V-cs eye food institute for private takeover

November 8, 1996

The Government's drive to privatise 40 public sector research laboratories could lead to a university takeover of the Institute of Food Research.

The institute is allied to the Biotechnology and Biological Sciences Research Council and has laboratories in Reading and Norwich Research Park, adjacent to the University of East Anglia.

Vice chancellors Roger Williams of Reading University and Dame Elizabeth Esteve-Coll of UEA have sent a joint letter to Ian Lang, Secretary of State for Trade and Industry, saying that their preferred solution would be a close academic and managerial association with the two IFR laboratories. They say that integration would also offer the best value for money.

The proposal virtually amounts to a bid, on which ministers are likely to look favourably.

A UEA spokesman said the university already works closely with IFR. "We would consider any options that help strengthen the park and its constituent parts further and believe it is inappropriate to preempt any announcement," he said. Another UEA source said privatisation of IFR is the university's least favoured option.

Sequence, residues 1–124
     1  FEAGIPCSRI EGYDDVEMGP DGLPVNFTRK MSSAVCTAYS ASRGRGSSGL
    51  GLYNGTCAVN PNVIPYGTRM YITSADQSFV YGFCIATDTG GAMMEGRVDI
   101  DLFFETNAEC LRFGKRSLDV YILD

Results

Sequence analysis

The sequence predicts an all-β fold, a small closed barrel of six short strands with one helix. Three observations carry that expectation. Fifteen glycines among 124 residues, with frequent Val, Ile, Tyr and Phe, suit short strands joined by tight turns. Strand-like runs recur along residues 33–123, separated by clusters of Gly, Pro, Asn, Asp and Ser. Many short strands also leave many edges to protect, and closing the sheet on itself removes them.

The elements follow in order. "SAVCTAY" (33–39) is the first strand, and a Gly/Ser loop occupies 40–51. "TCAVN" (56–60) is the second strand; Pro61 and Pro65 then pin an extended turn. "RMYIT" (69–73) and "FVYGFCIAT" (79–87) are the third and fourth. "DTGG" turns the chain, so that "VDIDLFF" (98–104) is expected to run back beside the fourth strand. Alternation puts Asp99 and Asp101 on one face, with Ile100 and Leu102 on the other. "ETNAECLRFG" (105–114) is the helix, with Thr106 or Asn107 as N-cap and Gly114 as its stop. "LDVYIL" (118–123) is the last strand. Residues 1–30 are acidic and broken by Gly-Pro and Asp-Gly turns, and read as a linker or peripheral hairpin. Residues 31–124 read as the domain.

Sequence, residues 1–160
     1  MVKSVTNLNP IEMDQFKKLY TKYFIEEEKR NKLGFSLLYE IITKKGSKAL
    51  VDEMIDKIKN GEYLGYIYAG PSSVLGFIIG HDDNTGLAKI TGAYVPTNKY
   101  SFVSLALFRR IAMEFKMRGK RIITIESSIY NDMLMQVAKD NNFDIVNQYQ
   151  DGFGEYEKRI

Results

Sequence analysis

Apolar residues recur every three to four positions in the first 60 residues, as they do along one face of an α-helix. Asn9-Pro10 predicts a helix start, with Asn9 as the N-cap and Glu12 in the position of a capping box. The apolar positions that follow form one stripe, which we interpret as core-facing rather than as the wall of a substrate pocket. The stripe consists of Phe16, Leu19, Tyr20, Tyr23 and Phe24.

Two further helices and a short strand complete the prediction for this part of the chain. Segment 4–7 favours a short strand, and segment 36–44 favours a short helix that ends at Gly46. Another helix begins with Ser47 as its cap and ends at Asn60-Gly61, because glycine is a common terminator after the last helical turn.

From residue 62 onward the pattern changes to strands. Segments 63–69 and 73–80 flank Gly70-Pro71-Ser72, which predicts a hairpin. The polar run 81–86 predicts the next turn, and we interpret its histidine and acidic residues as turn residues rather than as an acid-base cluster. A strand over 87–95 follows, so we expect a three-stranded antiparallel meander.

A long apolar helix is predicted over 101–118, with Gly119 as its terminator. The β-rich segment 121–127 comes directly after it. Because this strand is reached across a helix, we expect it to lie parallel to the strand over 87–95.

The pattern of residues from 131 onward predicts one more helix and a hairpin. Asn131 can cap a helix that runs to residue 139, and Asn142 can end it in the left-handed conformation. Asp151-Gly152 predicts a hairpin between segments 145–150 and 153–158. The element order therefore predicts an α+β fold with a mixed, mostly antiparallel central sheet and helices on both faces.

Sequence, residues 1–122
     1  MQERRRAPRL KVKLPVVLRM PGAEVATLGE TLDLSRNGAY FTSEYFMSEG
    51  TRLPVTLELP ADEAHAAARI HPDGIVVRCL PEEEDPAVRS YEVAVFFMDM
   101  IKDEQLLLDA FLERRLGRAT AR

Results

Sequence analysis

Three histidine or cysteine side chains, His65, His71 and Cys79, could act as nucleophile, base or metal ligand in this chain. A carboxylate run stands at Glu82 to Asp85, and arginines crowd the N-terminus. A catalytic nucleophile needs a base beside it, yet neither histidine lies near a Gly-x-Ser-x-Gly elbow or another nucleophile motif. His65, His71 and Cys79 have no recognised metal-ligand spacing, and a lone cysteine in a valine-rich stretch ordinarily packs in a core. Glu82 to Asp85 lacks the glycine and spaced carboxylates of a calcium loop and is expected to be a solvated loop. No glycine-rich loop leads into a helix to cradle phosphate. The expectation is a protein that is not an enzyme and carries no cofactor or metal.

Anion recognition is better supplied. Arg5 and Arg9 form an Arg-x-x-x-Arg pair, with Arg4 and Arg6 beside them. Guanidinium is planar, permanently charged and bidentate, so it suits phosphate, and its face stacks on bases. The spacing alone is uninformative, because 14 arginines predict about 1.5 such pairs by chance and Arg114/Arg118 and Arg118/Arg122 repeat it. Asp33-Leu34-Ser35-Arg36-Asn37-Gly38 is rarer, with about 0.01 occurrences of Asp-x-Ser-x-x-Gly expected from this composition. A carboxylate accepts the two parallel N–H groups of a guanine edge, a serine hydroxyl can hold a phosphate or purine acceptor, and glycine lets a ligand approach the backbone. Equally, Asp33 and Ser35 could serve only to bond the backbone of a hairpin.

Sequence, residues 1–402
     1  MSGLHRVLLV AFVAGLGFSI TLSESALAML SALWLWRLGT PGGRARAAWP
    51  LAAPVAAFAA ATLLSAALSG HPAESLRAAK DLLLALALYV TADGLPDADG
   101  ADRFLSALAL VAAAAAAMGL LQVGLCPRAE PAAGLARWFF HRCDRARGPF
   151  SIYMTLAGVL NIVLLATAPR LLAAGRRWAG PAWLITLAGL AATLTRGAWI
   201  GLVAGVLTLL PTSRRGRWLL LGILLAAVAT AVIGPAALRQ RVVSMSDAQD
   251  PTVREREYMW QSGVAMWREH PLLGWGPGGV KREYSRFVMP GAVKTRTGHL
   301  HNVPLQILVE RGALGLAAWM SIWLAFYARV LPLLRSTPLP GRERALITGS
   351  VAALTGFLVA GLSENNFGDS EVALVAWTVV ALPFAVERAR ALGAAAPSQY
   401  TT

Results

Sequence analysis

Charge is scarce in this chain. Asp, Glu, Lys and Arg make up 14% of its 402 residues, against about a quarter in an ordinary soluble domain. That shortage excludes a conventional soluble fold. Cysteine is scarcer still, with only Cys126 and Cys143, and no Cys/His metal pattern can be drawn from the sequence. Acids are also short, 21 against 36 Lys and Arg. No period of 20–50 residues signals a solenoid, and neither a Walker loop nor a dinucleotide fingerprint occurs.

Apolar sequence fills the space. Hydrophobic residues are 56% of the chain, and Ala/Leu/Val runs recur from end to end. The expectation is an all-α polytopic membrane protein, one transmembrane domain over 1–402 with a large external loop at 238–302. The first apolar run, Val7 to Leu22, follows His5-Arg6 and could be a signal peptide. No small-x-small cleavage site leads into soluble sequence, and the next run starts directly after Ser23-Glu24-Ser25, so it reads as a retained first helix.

Professor Williams of Reading said that if the prior options review results in a recommendation that IFR should be privatised, he would "feel uncomfortable" with any organisation taking over IFR Reading except the university.

The BBSRC said: "Proposals from UEA and Reading University will be evaluated alongside other options. The main criteria will be the effective delivery of research funded by BBSRC and other public and private customers."

Nigel Titchen, science group president of the Institute of Professionals, Managers and Specialists, said: "We believe the strategic overview IFR has in food and nutrition research would be damaged by a move to the universities.

"There is a fear that universities would cherry-pick those bits of research at the IFR that fit in with their business plans. As yet staff have received no assurances that the university sector would protect jobs."

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